Women's Suffrage: 100 Years Later

August 18th, 1920—the day that the 19th Amendment which granted women the right to vote was ratified. Here we are now, almost 100 years later. From the time even before the 19th amendment was added to the Constitution until now, it is safe to say that a lot has happened in relation to the women’s suffrage movement since then. (And there is still more to come.) 

The fight for women’s suffrage began even before the 20th century. The most notable start to the movement was in 1848 with the Seneca Falls Convention, a convention held with a specific focus on women’s rights. The movement continued throughout the Civil War and led to the formation of the National American Woman Suffrage Association with Elizabeth Cady Stanton, a name you’ve probably heard before, as the president. From then on, the movement grew continuously. Women wanted power and recognition and they were not going to stop until they got it—and then they did, sort of. The amendment was passed and gender no longer determined who could and could not vote, but this was only the beginning. Unsurprisingly, sexism and the general idea that men were superior to women most certainly did not disappear, but neither did the motivation of women around the world to prove that they deserve praise and respect.

There were many milestones that were hit during the century that has led us to where we are today. Towards the end of the 1900s we slowly, but finally, began to see more women entering the field of politics. Many have probably heard of Sandra Day O’Connor, the first female member of the Supreme Court, or Madeleine Albright, the first woman to become the secretary of state. Fast forward to 2016, when Hilary Clinton became the first woman to receive a presidential nomination from one of the largest political parties. And although Clinton lost (lost the electoral college vote, at least), the fact that she was a presidential nominee at all meant a lot to women in the United States and around the world. Within the four years since then, women have felt encouraged to involve themselves in politics and use their voices to fight for their rights even more.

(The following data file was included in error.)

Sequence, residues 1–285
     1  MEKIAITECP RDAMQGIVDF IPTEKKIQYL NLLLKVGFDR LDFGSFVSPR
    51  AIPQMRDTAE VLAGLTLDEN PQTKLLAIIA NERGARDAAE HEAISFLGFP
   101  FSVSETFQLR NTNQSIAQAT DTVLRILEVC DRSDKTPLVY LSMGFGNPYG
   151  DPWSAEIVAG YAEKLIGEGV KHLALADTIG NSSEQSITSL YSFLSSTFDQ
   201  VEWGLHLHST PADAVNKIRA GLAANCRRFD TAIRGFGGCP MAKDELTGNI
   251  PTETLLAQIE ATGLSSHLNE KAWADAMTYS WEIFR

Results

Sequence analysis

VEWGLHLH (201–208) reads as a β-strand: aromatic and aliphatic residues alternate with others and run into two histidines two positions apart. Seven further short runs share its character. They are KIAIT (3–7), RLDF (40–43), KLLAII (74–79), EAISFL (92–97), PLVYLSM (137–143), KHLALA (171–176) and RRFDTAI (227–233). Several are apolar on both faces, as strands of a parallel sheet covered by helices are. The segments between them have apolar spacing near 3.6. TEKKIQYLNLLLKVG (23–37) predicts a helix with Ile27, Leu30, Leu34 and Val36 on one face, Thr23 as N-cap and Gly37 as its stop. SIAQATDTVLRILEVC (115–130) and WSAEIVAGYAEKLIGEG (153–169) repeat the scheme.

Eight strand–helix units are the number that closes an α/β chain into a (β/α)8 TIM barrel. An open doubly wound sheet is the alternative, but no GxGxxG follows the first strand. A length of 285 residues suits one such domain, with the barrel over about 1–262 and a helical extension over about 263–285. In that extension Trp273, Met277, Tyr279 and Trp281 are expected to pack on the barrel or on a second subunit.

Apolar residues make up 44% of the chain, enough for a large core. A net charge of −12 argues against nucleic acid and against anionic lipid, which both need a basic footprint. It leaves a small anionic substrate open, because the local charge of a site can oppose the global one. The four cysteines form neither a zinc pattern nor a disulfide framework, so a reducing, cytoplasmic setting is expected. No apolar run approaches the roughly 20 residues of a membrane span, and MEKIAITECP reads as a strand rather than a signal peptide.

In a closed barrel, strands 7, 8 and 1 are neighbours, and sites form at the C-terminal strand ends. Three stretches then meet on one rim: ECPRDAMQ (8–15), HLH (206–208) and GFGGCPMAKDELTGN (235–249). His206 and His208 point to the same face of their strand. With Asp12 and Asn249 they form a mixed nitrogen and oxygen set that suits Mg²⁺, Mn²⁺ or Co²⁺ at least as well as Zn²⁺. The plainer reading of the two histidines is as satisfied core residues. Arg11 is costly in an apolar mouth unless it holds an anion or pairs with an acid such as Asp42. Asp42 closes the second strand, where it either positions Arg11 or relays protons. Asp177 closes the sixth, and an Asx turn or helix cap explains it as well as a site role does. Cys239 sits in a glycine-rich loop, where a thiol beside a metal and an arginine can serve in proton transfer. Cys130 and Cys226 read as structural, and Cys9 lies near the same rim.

The number of women that have voted during a presidential election has been higher than that of men since 1964. Clearly, women are showing up to play their part in trying to elect politicians that will support them, encourage them, and fight for them. The world of politics is one that needs women more than it seems. The milestones that seem rather insignificant may just be the ones that matter the most. One of these political milestones is visible right now, with three out of the twelve members of the Democrat party that are aiming to run against President Trump being women. These kinds of things are the ones that we should be proud of because they show that change is coming. The work is nowhere near being finished just yet, and there is still a lot more to come in terms of representation, justice, and equality for women. But today our focus is on the fact that it has been almost an entire century since women gained the right to vote, and I’m confident that the achievements will just keep on coming. 

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